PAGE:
What editorial writers are saying about Obama's delay of air-quality standards

President Obama will table, at least until 2013, the EPA's anti-pollution rule putting tighter limits on ozone emissions.

Posted Sept. 26, 2011.

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Editorial writers were split. Some, even if they support the new regulations, said putting off the requirement makes sense politically because of the possibility that jobs could be at risk under the rule. But others said the idea that pollution standards kill jobs is overblown, and that public health should have been the overriding factor.

Obama does well to pull back EPA ozone regulations

President Barack Obama ... did the intelligent thing, and he did it for the right reason: Now is not the time for the federal government to promulgate a new regulation that would burden localities struggling to break the grip of a persistent recession. The Plain Dealer (Cleveland), Sept. 12

A false choice between jobs and pollution

Consider one of the "job-destroying regulations" cited in [a] memo [written by Rep. Eric Cantor (R,Va.)]. It addresses cross-state air pollution attributable to emissions from power plants, likely forcing utilities to upgrade some of their oldest coal-burning plants, and, according to the cost-benefit analysis, that rule would result in $30 in economic benefits for every dollar spent. The benefits would derive from employees taking fewer sick days, a lower incidence of many chronic illnesses and fewer early deaths. Simply stated, that's fewer heart attacks, fewer asthma attacks, fewer respiratory diseases. Destroying jobs? Or saving lives? The Press Democrat (Santa Rosa, Calif.), Sept. 12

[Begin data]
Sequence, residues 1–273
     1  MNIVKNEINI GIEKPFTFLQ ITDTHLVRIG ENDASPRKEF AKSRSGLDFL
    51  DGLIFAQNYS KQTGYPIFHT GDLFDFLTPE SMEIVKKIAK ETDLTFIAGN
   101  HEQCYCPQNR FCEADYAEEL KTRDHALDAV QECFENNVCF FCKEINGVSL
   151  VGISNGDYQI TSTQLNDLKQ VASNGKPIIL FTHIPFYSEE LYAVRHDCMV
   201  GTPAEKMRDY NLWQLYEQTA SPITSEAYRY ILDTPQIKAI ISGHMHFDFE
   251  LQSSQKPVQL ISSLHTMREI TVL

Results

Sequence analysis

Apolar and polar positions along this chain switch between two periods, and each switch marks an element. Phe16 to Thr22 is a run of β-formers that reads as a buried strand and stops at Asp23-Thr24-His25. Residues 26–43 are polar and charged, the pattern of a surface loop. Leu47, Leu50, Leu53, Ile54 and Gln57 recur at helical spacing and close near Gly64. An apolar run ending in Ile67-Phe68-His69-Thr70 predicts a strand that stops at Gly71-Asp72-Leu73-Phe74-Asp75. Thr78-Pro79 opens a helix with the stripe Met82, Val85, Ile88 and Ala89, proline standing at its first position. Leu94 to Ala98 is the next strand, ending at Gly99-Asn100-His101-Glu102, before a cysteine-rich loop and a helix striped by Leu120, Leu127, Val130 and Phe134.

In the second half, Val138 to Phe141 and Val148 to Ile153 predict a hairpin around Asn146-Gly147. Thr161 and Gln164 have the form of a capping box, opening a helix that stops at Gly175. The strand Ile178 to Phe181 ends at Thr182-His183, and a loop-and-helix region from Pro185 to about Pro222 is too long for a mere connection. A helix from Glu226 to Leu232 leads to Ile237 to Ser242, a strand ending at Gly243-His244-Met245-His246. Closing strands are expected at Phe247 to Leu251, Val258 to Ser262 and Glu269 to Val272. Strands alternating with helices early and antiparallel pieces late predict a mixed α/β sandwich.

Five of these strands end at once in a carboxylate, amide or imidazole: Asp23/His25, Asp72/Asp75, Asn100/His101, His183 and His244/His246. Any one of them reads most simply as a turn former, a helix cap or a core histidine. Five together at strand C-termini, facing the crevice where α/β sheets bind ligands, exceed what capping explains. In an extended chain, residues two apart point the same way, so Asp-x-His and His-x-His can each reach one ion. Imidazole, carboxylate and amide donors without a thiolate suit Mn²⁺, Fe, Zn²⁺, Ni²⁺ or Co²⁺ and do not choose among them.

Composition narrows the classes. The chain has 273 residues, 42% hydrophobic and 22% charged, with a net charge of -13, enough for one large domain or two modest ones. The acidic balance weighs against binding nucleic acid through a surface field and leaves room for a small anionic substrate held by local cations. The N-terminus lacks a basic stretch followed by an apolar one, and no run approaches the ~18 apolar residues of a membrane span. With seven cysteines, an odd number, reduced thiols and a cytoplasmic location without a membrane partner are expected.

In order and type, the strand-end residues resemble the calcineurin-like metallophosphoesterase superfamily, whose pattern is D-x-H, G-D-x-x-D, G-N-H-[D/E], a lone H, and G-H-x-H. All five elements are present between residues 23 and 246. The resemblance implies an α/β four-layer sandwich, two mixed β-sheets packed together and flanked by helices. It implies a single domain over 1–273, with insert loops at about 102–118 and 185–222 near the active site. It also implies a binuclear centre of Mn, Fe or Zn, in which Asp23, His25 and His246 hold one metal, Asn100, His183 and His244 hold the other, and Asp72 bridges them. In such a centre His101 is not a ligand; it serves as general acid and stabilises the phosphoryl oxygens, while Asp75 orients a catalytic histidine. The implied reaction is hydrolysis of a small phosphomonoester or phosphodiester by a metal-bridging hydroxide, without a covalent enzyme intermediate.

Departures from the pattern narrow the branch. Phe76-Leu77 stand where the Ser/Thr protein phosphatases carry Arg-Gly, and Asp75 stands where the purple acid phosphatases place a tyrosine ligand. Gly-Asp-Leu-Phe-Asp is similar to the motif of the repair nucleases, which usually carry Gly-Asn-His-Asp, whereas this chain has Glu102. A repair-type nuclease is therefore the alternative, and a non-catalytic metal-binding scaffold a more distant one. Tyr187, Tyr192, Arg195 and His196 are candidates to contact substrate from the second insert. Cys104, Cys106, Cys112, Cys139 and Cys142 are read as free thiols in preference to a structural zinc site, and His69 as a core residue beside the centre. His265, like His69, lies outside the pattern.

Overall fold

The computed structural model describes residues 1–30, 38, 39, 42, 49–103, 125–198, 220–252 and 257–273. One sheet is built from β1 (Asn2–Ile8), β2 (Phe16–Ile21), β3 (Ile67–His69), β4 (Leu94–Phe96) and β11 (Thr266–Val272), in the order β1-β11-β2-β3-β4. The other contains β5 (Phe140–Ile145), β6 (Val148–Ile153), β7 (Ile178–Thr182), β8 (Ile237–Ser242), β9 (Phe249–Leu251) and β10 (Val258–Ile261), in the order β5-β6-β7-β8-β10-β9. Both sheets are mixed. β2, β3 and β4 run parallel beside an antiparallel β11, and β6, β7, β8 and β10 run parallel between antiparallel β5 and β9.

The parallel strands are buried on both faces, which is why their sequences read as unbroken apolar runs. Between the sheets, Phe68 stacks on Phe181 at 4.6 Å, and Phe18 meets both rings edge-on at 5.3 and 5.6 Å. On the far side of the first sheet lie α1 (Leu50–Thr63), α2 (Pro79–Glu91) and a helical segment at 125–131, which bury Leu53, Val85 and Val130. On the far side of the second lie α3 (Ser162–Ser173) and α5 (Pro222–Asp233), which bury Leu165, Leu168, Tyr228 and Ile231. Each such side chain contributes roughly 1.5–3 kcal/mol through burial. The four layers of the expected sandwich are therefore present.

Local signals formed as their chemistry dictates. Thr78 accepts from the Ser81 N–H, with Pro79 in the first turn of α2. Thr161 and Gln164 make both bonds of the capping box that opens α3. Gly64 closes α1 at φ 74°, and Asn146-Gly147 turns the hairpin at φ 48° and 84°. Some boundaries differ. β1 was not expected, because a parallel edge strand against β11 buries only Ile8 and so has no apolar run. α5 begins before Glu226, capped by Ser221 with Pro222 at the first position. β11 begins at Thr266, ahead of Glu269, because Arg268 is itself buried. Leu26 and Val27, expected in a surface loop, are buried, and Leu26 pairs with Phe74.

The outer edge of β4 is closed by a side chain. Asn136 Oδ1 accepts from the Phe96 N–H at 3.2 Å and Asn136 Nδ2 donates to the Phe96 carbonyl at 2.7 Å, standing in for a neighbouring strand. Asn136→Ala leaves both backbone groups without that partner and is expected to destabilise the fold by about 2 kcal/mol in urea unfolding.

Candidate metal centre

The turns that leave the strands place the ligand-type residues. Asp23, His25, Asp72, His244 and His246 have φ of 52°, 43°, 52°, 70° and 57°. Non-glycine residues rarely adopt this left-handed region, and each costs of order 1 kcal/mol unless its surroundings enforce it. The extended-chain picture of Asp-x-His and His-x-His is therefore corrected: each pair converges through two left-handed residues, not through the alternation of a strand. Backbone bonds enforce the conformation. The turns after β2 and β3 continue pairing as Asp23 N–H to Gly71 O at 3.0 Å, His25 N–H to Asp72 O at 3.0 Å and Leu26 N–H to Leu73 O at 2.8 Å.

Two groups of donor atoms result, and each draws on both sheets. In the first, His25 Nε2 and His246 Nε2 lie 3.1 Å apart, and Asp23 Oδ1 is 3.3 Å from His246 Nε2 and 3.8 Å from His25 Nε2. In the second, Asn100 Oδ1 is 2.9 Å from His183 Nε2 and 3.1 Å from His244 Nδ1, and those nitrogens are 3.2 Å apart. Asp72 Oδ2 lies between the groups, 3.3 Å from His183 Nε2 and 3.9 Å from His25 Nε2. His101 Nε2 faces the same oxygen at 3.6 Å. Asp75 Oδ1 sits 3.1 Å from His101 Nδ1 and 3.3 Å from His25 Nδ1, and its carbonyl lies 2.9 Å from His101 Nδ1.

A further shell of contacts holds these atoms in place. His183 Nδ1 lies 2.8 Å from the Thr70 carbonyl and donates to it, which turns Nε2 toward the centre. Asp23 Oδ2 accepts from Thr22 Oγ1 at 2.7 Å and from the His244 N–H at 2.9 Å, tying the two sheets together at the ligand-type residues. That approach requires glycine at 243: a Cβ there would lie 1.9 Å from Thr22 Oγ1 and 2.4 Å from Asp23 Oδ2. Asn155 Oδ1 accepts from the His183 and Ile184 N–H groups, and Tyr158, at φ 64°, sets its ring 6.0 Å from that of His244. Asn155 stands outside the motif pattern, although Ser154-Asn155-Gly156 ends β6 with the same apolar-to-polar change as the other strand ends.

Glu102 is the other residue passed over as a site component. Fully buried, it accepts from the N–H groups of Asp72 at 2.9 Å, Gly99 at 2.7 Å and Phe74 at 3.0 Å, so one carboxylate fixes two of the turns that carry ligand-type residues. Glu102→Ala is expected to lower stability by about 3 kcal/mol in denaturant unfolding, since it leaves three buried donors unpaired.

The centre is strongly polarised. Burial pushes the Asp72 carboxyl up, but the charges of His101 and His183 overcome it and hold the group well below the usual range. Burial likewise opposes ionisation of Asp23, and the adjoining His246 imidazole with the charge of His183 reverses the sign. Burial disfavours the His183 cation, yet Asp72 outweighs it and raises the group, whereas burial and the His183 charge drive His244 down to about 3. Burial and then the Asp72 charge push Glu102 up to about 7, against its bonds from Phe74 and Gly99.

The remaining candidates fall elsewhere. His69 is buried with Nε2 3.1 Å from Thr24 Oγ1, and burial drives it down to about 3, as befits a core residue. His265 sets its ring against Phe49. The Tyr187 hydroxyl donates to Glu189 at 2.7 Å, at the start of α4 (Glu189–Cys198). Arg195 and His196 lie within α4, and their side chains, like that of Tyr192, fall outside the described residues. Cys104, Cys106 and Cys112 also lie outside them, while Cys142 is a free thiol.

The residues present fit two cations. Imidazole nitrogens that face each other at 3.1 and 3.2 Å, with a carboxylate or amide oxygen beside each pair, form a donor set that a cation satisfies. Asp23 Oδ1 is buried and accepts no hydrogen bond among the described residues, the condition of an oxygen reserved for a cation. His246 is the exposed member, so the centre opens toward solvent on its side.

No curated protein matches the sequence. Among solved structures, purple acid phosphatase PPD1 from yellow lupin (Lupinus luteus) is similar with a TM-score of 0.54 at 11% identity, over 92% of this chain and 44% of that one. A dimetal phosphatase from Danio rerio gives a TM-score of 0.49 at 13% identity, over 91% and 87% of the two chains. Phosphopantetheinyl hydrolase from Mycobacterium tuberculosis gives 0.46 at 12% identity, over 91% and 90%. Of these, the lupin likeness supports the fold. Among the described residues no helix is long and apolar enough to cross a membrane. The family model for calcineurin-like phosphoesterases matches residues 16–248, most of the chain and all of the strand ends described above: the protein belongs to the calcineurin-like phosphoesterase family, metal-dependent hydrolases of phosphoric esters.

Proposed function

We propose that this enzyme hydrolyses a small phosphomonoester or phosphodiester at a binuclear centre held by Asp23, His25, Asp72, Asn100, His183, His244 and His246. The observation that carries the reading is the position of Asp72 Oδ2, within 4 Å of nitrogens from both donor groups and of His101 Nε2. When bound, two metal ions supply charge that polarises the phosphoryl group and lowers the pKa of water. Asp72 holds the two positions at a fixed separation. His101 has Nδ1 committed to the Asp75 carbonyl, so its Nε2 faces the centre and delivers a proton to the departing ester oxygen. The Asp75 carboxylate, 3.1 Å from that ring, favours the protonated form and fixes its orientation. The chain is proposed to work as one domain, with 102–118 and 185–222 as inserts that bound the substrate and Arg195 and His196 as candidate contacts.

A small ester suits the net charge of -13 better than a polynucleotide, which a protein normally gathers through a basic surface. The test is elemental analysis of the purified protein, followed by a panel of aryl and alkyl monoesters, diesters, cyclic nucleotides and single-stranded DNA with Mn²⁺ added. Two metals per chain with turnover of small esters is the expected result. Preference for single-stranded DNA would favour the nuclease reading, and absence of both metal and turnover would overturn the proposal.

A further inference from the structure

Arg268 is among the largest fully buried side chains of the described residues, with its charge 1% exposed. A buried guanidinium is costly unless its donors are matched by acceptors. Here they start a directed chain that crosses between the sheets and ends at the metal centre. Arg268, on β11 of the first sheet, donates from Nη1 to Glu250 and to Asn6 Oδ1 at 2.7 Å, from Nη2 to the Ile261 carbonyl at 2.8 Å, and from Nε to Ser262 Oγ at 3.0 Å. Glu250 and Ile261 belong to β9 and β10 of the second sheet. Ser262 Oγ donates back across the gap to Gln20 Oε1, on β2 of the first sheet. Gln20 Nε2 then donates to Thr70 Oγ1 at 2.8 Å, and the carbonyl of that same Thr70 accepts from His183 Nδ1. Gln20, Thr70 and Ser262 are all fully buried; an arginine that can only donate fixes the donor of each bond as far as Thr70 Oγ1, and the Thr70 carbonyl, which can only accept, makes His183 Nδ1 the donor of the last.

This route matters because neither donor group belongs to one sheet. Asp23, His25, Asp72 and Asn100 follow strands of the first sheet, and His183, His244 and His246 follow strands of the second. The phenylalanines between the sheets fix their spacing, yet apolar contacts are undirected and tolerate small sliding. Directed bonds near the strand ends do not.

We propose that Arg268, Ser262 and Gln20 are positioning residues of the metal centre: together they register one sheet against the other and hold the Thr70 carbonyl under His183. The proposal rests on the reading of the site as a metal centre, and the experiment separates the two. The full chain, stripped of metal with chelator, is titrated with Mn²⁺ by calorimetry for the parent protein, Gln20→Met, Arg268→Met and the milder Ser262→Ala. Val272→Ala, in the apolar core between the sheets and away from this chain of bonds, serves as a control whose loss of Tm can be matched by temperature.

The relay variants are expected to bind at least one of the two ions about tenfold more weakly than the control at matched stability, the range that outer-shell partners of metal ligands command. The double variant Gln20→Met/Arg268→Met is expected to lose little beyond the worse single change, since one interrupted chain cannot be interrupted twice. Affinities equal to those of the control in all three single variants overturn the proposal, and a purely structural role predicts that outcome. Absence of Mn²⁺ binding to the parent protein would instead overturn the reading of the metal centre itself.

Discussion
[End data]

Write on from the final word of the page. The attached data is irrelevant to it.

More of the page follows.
A bad but realistic decision on EPA

The president, apparently, felt forced to choose between saving jobs or moving ahead on EPA standards that might initially increase industry costs to implement. He also knew it would be political suicide to campaign for re-election on a pro-jobs platform while supporting EPA standards that the GOP claims, however wrongly, would kill jobs. ... Good decisions shouldn't be bad for our health, but that's the place the country finds itself in given the bleak economy and polarized political landscape. Star Tribune (Minneapolis), Sept. 11

Wrong decision on smog standards

Measured in more crass terms -- dollars and cents -- the costs aren't as catastrophic as GOP leaders or industrial officials would have Americans believe. According to the EPA, the cost to industry to implement the higher standards would be $19 billion to $90 billion a year by 2020. The EPA analysis showed health benefits would equate to $13 billion to $100 billion. The Virginian-Pilot (Norfolk, Va.), Sept. 9

Obama made the right call on ozone limits

We Americans -- environmentalists included -- sit in traffic daily with our car engines running, knowing better than to do the same thing inside a garage with the door closed. There are limits to what we, individually, would give up to save the environment. The government can only go so far in limiting us collectively. And the EPA under Obama still is going plenty far. Corpus Christi (Texas) Caller-Times, Sept. 7

A failure to protect

The president seems to have forgotten that American voters traditionally support conservation, even in hard times. Yes, they want a healthy economy. But they also want -- and need -- clean air and healthy kids. The Register-Guard (Eugene, Ore.), Sept. 7

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